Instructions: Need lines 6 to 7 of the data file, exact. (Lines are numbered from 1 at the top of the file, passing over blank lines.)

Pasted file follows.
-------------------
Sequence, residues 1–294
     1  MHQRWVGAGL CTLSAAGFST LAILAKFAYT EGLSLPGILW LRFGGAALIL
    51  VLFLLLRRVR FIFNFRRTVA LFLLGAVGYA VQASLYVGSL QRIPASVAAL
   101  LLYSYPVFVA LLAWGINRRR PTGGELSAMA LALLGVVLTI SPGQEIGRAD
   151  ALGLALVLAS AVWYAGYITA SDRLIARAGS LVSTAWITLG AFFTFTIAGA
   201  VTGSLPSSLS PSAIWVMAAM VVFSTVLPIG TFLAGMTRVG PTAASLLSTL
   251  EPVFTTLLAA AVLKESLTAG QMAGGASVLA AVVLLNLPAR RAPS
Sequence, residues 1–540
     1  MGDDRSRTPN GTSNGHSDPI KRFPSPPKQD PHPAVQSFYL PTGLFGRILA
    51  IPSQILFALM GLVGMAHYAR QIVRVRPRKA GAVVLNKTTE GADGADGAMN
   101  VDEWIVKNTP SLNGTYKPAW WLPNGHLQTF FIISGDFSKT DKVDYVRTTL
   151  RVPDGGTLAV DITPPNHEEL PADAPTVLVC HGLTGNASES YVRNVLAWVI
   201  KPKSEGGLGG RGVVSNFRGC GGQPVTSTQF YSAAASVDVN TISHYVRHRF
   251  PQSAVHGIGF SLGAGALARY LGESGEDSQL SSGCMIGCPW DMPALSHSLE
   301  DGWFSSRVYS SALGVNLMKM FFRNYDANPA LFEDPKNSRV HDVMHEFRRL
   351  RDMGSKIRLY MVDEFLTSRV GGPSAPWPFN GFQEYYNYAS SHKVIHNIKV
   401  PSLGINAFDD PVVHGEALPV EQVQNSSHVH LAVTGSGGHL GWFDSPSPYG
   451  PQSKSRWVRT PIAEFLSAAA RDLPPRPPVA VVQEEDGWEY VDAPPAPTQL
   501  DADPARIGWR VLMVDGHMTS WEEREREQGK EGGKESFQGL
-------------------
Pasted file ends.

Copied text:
   201  VTGSLPSSLS PSAIWVMAAM VVFSTVLPIG TFLAGMTRVG PTAASLLSTL
   251  EPVFTTLLAA AVLKESLTAG QMAGGASVLA AVVLLNLPAR RAPS